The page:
The RE-DUAL PCI trial recruited 2,725 patients with AF who had undergone PCI, and randomized them to receive either TAT with warfarin plus DAPT or DAT with dabigatran (110 mg or 150 mg twice daily) plus a P2Y12 receptor inhibitor. Dual therapy with dabigatran was found to be superior to triple therapy regarding bleeding events, and non-inferior regarding thromboembolic events prevention in patients with AF undergoing PCI.14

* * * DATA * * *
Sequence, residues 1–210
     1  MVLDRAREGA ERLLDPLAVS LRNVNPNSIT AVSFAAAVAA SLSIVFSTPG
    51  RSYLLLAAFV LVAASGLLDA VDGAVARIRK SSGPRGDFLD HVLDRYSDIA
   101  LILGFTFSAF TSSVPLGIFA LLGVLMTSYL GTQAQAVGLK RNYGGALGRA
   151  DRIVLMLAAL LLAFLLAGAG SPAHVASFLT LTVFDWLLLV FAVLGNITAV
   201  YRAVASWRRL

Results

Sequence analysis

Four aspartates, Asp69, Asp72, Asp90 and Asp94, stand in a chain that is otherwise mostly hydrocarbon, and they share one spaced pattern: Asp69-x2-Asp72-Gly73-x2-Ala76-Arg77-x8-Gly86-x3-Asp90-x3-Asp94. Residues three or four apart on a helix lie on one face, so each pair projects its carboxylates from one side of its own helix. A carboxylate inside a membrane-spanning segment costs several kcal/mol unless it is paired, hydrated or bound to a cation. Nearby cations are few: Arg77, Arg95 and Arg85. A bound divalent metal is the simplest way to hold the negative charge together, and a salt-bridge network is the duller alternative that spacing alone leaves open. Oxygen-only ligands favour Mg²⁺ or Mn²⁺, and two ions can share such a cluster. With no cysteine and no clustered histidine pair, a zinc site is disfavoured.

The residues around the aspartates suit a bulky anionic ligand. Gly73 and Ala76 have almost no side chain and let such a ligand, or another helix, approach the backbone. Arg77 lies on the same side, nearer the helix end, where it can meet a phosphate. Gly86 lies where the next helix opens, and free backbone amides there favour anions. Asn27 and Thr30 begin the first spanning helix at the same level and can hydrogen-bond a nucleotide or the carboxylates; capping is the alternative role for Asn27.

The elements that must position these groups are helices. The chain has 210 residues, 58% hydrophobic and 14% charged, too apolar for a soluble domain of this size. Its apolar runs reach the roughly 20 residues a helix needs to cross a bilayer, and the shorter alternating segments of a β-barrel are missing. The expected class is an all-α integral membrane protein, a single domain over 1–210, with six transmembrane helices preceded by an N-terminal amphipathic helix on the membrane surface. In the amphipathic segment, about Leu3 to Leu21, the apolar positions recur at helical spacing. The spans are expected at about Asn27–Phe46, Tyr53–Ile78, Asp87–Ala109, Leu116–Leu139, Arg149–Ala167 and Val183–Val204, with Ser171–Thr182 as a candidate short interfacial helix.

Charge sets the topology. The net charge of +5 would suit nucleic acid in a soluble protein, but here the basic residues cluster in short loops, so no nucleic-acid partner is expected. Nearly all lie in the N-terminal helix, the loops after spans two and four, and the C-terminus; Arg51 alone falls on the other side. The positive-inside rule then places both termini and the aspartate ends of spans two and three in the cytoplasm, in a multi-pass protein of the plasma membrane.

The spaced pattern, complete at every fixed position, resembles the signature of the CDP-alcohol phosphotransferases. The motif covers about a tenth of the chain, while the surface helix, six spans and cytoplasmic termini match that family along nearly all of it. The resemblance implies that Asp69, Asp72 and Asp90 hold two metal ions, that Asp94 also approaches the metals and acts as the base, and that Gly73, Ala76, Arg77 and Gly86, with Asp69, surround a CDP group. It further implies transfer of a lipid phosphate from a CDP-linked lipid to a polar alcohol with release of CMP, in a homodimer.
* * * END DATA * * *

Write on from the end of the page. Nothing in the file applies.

A subgroup analysis of RE-DUAL PCI trial categorized patients according to the absence or presence of clinical and/or procedural complexity factors with the view to evaluate their effect on treatment outcomes.16 In detail, procedural complexity factors included more than two vessels treated, in-stent restenosis of a drug-eluting stent, prior brachytherapy, unprotected left main, more than two lesions per vessel, lesion length ≥30 mm, bifurcation lesion with a side branch ≥2.5 mm, vein bypass graft PCI, or a thrombus-containing lesion. Clinical complexity factors included acute coronary syndrome (ACS) presentation, acute ST-elevation MI, renal insufficiency/failure, and left ventricular ejection fraction <30%. In a total of 2,725 patients, 1,008 (37.0%) had no complexity factors, 1,174 (43.1%) had clinical complexity factors, 270 (10.0%) had procedural complexity factors, and 273 (9.9%) had both clinical and procedural factors. DAT with dabigatran was associated with lower rates of the primary bleeding endpoint compared with TAT with warfarin in all categories of clinical or procedural complexity. HRs for the dabigatran 110 mg group were 0.56 (95% CI [0.40–0.78]) for no complexity factors, 0.58 (95% CI [0.30–1.10]) for procedural complexity alone, 0.48 (95% CI [0.35–0.65]) for clinical complexity alone, and 0.47 (95% CI [0.25–0.88]) for both procedural and clinical complexity factors (p for interaction=0.90). In the 150 mg group, the respective HRs were 0.85 (95% CI [0.60– 1.20]) for no complexity factors, 0.48 (95% CI [0.22–1.02]) for procedural complexity alone, 0.63 (95% CI [0.46–0.86]) for clinical complexity alone, and 0.92 (95% CI [0.48–1.77]) for both procedural and clinical complexity factors (p for interaction=0.37; Figure 3).